Long-segment airway defects can arise at birth or later in life as a result of trauma, infection, or malignancy. Although rare, these defects are often fatal. There is currently no established surgical technique to reconstruct defects of this nature, so in the rare case in which patients survive, they frequently need to rely on a long-term tracheostomy tube for breathing. Without reconstructive strategies, the pursuits of tracheal substitutes have explored the use of foreign materials, non-viable tissues, and transplantation. These approaches have been fraught with complications. Regenerative medicine and tissue engineering have the capacity to replaced failed tissue with a normal, living organ instead of treating a compromised organ. Given the significant impact of long segment tracheal compromise, tissue engineered tracheal grafts (TETG) have had limited use in the clinical setting for heroic measures. Although this has been a life saving treatment for some, problems will graft narrowing and regrowth of airway tissue have limited the clinical translation of TETG. To explore the efficacy of a bioartificial TETG, we developed a large animal model of TETG and demonstrated that like the clinical experience, graft narrowing is the most common complication observed. This objective of this proposal is to support the career development of a surgeon scientist devoted to the development of tissue-engineered constructs to treat complex aerodigestive disorders. To advance the field of tissue engineered tracheal replacement, it will be important to define the mechanisms of regeneration as well as graft narrowing. It is our hypothesis that these two processes are related: stenosis can result from delayed regeneration; acceleration of regeneration can attenuate graft stenosis. To explore how we can affect graft regeneration and minimize stenosis, we will be modulating the constituents critical to the construction of a tissue-engineered trachea: the seeded cells, the scaffold, and the host response. We developed a mouse model of TETG to address our three aims.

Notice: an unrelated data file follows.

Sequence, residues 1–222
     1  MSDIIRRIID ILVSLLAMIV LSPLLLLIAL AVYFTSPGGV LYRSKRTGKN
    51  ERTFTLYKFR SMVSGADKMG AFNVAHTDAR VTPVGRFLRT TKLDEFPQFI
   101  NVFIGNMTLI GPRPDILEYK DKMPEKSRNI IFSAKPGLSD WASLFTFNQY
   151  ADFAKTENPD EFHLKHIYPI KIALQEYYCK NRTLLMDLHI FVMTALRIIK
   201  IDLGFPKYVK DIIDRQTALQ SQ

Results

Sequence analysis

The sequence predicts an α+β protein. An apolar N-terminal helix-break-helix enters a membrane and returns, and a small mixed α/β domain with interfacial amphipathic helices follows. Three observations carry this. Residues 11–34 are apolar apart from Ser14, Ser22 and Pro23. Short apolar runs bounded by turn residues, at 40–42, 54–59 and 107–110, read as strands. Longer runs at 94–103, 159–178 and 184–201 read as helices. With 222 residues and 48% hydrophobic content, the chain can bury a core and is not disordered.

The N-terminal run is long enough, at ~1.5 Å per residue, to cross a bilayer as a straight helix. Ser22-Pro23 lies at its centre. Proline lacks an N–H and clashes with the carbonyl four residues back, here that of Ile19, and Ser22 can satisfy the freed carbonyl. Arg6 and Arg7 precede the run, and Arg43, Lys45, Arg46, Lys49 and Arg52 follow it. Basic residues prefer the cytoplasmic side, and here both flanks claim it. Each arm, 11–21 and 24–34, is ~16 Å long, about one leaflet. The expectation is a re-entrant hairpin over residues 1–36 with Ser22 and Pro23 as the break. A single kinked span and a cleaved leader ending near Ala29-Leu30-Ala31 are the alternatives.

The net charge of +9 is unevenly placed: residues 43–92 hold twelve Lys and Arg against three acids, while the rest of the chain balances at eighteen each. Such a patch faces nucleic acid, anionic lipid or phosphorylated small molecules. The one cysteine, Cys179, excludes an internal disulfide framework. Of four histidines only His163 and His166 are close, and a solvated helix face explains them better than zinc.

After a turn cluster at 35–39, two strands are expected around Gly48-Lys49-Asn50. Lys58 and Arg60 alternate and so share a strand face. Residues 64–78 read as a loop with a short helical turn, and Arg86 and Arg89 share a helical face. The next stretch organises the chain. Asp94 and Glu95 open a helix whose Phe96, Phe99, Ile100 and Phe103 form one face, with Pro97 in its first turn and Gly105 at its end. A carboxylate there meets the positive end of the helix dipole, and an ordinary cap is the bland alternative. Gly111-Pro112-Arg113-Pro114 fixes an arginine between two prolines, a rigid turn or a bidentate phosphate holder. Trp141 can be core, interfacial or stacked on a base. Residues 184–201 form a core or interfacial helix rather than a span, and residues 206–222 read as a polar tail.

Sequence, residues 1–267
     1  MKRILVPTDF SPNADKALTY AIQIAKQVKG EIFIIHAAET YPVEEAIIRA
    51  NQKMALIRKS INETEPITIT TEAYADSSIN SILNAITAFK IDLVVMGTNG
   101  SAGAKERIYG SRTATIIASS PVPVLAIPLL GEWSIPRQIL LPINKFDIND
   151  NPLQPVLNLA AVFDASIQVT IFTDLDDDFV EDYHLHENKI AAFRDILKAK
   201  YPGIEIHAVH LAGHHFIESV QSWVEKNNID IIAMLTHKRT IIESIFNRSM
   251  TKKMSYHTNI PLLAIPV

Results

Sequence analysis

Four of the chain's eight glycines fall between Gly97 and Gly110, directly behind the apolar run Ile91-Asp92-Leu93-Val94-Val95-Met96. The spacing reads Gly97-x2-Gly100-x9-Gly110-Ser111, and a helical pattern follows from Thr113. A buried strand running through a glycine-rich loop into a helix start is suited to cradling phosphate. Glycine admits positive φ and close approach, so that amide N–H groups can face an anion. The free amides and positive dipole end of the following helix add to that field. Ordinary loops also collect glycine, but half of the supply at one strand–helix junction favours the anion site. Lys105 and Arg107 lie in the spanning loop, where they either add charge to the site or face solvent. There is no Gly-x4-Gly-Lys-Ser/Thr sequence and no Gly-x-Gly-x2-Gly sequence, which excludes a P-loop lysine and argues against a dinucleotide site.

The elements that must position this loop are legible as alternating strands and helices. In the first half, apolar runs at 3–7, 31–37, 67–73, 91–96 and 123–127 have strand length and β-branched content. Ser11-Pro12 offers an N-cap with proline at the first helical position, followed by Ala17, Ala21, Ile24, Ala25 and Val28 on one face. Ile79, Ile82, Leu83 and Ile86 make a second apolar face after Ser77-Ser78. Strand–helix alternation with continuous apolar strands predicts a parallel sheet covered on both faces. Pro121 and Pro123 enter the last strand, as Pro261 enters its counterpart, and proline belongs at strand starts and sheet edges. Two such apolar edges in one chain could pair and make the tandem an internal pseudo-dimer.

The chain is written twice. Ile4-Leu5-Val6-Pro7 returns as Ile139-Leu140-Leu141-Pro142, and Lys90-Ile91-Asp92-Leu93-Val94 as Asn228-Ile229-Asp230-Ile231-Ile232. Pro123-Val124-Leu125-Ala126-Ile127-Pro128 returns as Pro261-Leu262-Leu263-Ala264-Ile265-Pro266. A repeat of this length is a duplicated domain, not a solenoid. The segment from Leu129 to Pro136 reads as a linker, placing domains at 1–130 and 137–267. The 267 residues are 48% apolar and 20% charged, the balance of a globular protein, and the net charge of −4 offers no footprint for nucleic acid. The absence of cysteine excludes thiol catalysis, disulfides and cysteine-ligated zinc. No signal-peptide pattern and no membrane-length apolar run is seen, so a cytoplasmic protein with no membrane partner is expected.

Our first aim will examine the dose dependent impact and fate of seeded cells.
Our second aim will explore the impact of changing scaffold porosity and composition on regeneration.
Our third aim will identify the impact of the host immune response on regeneration. Defining the relative impact of each of these elements not only address questions central to many different approaches to airway tissue engineering, but will allow us to strategize our approach for the rational design the next generation of TETG and explore targeted therapies to optimize regeneration. Completion of the career development plan and the research proposed in this application will generate preliminary data which will serve as a foundation for R01 funding to develop tissue engineered airways.

Public Health Relevance

This proposal is relevant to public health because there is currently no available treatment for patients with long-segment airway problems. Tissue engineering has the potential to replace diseased tissue with healthy, living tissue capable of repair and growth. Defining the mechanisms of regeneration in the airway will lead to new treatments and approaches for tissue engineered airway replacement.

National Institute of Health (NIH)
National Heart, Lung, and Blood Institute (NHLBI)
Clinical Investigator Award (CIA) (K08)
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NHLBI Mentored Clinical and Basic Science Review Committee (MCBS)
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Colombini-Hatch, Sandra
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Nationwide Children's Hospital
United States
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Eichaker, Lauren; Li, Chengyu; King, Nakesha et al. (2018) Quantification of tissue-engineered trachea performance with computational fluid dynamics. Laryngoscope 128:E272-E279